I’ve been reading about the potential health risks linked to meat consumption for decades1. The evidence of a relationship between processed meat products in particular and serious illnesses including cancer has been established for many years. So recent and widespread calls to rid bacon and ham of nitrates comes as no surprise. In fact, in some senses, it feels like a long overdue and underwhelming response.
Needless to say, The British Meat Processors Association stand by their bacon and maintain that nitrates are ‘authorised additives’. However the dispute over the risks and benefits of nitrates in processed meat begs the question, why don’t we do away with processed meats altogether? Meats are processed to modify the taste or extend the shelf life, products include bacon, sausages, hot dogs, salami, corned beef, beef jerky, ham as well as canned meats. Until we know more about the relative health risks of the different products it might be advisable to avoid them all.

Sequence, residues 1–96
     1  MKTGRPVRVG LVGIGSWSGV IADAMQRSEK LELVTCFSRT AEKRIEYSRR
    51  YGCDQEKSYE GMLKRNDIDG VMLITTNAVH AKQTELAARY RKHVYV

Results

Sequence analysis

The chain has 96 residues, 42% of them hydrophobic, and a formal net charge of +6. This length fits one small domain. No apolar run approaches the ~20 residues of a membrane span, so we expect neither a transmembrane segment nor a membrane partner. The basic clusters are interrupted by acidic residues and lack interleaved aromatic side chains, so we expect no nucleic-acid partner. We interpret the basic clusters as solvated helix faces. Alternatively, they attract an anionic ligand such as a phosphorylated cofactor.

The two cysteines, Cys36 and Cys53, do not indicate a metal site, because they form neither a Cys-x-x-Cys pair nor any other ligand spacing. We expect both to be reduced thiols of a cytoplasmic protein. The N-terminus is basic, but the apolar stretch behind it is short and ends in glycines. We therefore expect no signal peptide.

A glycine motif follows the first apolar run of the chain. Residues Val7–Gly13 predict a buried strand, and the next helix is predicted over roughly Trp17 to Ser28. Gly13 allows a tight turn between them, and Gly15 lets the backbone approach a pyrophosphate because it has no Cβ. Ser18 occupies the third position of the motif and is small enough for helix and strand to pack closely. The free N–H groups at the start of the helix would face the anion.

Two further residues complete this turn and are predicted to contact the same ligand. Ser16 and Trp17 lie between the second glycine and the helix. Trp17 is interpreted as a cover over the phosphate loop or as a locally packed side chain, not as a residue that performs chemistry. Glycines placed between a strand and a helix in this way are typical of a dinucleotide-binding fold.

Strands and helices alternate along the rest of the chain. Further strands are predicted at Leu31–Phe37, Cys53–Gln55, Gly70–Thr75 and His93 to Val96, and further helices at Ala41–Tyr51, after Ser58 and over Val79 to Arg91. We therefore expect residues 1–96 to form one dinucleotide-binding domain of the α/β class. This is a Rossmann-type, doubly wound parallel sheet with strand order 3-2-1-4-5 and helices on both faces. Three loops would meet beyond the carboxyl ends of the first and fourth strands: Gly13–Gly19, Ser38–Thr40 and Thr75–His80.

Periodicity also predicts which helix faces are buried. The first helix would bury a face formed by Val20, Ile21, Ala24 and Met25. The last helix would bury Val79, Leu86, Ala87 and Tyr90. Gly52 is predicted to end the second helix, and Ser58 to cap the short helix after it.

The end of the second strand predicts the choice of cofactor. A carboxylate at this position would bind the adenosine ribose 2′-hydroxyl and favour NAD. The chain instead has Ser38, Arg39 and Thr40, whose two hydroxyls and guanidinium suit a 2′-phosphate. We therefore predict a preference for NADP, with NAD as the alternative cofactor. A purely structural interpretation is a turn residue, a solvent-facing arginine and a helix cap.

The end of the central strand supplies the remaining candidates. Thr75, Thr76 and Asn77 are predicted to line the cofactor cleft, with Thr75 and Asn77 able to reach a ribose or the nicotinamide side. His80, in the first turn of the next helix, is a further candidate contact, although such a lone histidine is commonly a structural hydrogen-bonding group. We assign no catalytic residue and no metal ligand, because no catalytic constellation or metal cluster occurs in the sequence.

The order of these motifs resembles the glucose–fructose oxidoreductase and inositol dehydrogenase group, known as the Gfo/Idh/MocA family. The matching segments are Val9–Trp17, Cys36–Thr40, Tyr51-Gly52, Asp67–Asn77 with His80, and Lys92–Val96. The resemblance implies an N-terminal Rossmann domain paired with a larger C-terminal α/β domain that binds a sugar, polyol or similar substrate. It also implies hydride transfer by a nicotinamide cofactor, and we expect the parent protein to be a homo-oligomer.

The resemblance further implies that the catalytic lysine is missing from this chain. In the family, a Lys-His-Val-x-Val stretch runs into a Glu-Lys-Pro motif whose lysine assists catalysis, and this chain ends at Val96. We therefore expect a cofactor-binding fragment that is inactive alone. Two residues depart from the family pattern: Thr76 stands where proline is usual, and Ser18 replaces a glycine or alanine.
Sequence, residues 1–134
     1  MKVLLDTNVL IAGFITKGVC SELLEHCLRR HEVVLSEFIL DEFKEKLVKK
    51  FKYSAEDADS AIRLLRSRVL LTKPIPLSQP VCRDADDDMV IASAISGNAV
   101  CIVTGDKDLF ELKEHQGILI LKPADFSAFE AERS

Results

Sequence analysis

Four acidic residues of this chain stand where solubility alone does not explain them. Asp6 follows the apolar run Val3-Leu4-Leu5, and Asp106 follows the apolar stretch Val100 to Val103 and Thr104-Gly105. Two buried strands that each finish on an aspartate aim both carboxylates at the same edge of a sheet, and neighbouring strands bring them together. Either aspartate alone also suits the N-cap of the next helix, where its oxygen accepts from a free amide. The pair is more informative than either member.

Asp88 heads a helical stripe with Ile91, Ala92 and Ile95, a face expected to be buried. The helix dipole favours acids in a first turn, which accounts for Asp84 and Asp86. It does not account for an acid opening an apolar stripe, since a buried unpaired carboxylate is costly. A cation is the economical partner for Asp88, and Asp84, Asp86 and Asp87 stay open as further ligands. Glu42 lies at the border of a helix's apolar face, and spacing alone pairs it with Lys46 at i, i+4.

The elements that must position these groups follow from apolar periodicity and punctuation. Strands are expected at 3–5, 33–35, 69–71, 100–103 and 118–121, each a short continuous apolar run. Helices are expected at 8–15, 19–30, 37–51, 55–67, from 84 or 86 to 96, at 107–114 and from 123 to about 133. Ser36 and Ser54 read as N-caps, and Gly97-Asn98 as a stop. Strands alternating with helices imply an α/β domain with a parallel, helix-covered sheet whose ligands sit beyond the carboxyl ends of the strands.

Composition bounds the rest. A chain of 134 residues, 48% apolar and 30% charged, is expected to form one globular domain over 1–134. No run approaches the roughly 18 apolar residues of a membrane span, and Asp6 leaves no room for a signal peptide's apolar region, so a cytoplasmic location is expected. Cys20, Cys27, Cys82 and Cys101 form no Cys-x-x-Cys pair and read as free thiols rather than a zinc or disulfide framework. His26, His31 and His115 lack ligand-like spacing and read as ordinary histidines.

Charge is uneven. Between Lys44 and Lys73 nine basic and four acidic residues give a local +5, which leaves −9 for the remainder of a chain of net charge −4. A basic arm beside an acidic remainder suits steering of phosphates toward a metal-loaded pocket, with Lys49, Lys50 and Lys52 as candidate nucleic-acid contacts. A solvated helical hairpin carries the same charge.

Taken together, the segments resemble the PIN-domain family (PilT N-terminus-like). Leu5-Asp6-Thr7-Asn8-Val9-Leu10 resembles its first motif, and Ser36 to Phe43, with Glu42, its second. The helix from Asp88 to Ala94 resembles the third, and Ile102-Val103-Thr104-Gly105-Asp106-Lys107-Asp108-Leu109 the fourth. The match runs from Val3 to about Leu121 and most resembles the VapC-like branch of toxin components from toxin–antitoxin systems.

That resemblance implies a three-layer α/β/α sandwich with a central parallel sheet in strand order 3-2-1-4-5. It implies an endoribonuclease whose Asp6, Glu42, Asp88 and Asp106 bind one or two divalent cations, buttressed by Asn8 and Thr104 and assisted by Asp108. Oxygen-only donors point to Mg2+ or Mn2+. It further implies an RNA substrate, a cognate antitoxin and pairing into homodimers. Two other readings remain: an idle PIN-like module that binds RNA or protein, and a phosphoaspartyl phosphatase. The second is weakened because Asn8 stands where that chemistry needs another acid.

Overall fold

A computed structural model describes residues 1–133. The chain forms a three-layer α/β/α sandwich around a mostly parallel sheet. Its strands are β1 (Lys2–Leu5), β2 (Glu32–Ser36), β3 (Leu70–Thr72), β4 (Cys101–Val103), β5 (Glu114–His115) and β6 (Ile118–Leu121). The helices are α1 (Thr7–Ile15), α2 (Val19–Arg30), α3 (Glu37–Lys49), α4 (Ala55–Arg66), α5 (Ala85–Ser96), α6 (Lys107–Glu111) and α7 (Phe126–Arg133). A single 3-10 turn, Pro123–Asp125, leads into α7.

1 Relation of meat, fat, and fiber intake to the risk of colon cancer in a prospective study among women published in the New England Journal of Medicine in 1990.